One of the more important changes related to the distribution of GIPS reports is the requirement for a firm to demonstrate that it made every reasonable effort to provide GIPS reports to prospective clients and investors. This may require firms to develop more robust policies and procedures surrounding the tracking of such distribution. Sound policies and procedures should provide firms with pertinent information such as when a party initially became a prospective client or investor, which GIPS report was last provided, and when the next report is required to be provided. It should be emphasized that new verification requirements require verifiers to test this area as part of procedures performed. As such, it will be important to have tracking policies and procedures in place going into 2021.
As part of the presentation requirements under the 2010 GIPS Standards, firms had the choice of presenting either total firm assets or composite assets as a percentage of total firm assets, as of each annual period end. GIPS 2020 removes that election and requires that all firms present total firm assets as of each period end. It is important to note that firms that have historically presented composite assets as a percentage of total firm assets need not retroactively update GIPS reports, as this option is still permissible for periods ending prior to December 31, 2020.
While not specifically addressed within the 2010 edition of the GIPS standards, firms previously relied on the guidance provided within the Guidance Statement on the Use of Supplemental Information when presenting advisory-only assets. GIPS 2020 specifically provides guidance on the use of advisory-only assets within GIPS reports. When presenting advisory-only assets, firms have the option to present amounts separately from total firm assets or combined with total firm assets, but presented as a separate value. Regardless of the decision, firms are still required to present total firm assets as a separate and identifiable value. It is worth mentioning that the presentation of advisory-only assets pertains to both firm-level assets as well as composite-level assets.
When opting to include non-fee-paying portfolios in a composite, firms were previously required to present the amount of composite assets represented by the non-fee-paying assets. However, under GIPS 2020, firms are no longer required to present this measure when presenting gross-of-fee returns or net-of-fee returns with a model net down. Only when presenting net-of-fee returns where returns are reduced by actual management fees charged (which would exclude non-fee-paying portfolios) are firms required to present this figure.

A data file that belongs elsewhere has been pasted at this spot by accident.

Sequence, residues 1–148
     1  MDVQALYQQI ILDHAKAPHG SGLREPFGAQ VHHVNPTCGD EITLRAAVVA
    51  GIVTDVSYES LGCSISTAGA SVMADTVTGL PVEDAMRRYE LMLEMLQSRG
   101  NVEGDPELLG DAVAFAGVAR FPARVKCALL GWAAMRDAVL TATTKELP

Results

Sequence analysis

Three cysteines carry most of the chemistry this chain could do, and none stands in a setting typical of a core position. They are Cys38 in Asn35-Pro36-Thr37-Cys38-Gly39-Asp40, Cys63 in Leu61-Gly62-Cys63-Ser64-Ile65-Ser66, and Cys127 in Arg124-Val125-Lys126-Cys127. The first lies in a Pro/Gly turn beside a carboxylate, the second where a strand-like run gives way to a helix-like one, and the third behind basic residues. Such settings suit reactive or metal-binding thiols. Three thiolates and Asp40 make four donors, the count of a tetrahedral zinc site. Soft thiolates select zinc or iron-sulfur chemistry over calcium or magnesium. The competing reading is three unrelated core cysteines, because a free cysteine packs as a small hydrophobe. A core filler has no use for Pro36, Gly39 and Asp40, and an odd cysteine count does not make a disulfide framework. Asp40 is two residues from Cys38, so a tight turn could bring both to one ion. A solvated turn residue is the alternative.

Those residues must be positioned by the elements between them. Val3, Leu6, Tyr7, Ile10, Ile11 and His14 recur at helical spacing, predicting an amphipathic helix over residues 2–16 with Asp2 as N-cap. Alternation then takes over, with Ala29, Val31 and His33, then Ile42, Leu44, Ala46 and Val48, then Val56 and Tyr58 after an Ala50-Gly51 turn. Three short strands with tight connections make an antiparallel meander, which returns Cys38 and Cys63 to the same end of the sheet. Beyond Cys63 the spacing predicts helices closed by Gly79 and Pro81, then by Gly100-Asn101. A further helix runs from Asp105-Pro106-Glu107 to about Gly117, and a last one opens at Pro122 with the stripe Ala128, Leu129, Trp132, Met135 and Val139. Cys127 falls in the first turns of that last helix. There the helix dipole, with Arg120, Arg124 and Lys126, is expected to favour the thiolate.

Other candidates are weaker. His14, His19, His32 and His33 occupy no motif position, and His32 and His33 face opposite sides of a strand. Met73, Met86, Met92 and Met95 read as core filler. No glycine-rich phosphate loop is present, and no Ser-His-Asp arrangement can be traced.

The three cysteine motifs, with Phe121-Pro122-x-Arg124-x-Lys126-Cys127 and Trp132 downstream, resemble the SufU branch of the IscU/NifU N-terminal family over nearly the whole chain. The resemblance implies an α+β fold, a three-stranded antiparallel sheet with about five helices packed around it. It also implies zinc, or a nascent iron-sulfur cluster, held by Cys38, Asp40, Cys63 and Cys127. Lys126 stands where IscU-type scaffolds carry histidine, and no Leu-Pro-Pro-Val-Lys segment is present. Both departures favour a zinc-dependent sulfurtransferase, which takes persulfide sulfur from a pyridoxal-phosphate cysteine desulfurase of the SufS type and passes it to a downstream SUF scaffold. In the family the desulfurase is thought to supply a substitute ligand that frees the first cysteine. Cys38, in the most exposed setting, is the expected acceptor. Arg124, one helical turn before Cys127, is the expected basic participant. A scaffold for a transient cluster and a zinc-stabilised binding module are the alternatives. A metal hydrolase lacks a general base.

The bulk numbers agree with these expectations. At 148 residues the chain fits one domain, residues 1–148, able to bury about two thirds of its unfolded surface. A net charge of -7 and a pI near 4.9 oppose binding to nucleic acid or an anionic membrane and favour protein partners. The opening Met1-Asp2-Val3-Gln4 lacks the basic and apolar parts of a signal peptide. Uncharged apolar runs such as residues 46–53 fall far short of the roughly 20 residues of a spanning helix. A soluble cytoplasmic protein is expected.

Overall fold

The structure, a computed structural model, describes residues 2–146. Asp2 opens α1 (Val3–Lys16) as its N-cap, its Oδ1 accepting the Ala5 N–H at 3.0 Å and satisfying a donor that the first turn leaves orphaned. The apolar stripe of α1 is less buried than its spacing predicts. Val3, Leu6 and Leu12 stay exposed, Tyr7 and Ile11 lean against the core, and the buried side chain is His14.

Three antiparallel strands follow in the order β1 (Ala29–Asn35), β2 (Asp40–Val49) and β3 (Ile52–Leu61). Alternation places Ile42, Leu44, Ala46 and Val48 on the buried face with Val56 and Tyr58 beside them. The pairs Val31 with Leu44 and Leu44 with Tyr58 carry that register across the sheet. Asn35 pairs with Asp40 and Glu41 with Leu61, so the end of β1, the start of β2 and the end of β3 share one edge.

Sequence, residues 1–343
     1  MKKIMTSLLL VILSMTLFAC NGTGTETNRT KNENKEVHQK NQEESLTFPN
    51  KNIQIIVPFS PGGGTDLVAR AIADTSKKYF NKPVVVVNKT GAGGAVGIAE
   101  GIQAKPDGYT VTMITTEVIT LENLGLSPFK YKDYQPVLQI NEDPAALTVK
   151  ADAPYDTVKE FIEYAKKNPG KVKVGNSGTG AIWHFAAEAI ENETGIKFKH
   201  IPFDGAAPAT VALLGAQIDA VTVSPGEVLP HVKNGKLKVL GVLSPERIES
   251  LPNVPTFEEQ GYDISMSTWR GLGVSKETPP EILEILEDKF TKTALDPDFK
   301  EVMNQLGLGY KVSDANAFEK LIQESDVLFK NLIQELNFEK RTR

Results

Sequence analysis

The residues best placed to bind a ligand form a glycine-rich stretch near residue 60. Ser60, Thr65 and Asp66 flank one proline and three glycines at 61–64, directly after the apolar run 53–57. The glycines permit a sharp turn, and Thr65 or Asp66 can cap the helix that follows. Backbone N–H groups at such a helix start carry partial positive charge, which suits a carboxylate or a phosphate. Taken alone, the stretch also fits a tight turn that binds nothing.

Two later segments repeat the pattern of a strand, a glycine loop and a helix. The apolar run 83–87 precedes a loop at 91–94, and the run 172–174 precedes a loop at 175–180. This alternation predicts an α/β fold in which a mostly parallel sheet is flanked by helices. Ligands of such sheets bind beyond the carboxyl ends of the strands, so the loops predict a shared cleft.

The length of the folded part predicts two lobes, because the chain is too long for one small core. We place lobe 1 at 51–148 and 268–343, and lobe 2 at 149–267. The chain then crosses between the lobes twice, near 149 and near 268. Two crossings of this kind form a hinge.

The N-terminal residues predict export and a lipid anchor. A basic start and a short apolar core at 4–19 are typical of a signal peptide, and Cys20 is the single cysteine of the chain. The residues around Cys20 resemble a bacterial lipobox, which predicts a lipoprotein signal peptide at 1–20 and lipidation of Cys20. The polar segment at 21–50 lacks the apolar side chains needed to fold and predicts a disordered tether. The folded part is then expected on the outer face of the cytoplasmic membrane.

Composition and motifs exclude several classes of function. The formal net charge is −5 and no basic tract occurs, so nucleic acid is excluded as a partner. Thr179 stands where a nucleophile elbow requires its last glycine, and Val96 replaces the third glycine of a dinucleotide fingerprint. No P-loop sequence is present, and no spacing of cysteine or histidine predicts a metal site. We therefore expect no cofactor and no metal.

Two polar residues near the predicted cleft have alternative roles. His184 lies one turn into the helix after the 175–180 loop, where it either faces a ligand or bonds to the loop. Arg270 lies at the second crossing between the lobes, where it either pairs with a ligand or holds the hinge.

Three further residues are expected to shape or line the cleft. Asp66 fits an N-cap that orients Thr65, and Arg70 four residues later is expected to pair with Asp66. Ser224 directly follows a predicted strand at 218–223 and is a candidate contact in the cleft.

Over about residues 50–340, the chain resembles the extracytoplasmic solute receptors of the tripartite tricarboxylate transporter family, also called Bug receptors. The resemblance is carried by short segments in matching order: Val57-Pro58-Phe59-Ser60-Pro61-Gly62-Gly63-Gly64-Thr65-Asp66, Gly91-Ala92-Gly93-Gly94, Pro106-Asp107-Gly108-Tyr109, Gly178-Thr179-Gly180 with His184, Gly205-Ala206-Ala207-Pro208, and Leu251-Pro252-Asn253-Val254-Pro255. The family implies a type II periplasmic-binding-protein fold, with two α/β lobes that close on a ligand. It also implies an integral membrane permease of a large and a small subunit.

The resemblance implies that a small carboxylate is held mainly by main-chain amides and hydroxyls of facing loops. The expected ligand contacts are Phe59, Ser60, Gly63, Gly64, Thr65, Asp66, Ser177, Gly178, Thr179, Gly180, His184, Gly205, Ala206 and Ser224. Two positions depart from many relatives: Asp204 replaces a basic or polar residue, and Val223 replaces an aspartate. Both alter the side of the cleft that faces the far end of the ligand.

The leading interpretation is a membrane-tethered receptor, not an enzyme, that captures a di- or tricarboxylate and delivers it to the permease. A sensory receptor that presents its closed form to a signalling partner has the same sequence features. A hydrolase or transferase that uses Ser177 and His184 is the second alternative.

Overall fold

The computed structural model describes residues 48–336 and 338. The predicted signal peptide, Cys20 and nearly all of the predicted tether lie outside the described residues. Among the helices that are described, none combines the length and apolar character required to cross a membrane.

Historically, policies and procedures on the topic of portability have been relatively straightforward – if the new or acquiring firm met the prescribed criteria, performance of the past firm was required to be linked. However, under GIPS 2020, firms may choose whether to link past performance. The criteria for portability remained consistent between editions, with the exception of an additional criterion clarifying that the track record between the past firm and the new or acquiring firm be continuous in nature, if the firm wishes to link performance. If a break in performance does exist, firms are still permitted to port historical performance of the past firm, but are restricted from linking this to current performance.
GIPS 2020 also offers some clarity surrounding the timing and transition associated with the acquisition of another firm or merger of two firms. When a firm acquires another firm or affiliation, the firm has one year to bring any non-compliant assets into compliance. Furthermore, assets of the acquired non-compliant firm must meet all requirements of the GIPS standards within one year of the acquisition date, on a going forward basis. It’s worth reiterating that the one-year grace period applies to non-compliant assets becoming compliant on a prospective basis. New or acquiring firms are not required to bring past performance into compliance unless they want to port the prior track record, in which case there is no time limit or constraint.
Wrap Composites and Estimated Transaction Costs
In the past, wrap-specific composites or composites containing wrap portfolios posed a problem for firms in that transaction costs were indeterminable. This made it difficult to calculate and present gross-of-fee returns. Oftentimes, firms resorted to presenting a combination of net-of-fee returns in addition to other supplemental information, such as pure gross-of-fee returns.
As part of GIPS 2020, firms are provided the ability to estimate transaction costs when, and only when, actual transaction costs are unknown. Included within the Explanations of the Provisions in Section 2 put out by the CFA Institute, reasonable approaches to estimating transaction costs include using actual transaction costs for portfolios that the firm manages in the same or similar strategy, or actual transaction costs for similar securities that trade in a similar market. Estimated transaction costs may take the form of a percentage or as a monetary value. Regardless of the methodology selected, it will be imperative for firms to have clear policies surrounding the calculation of the estimated transaction costs as well as procedures for maintaining proper supporting documentation.
GIPS 2020 has introduced numerous changes to improve the standards. The CFA Institute has issued an Explanation of the Provisions for each of the sections within the standards, which provides firms with additional practical guidance to help implement the GIPS Standards. While we have offered this as a summary of changes potentially impacting your GIPS policies and procedures, it will be important to understand how to implement these policies in your organization. For more guidance about changes to the standards potentially impacting your policies and procedures, or any other part of GIPS 2020, please contact us.
We would be pleased to provide further information related to this subject. For more information, contact Joshua E. Kramer, Manager, Audit & Accounting at email@example.com.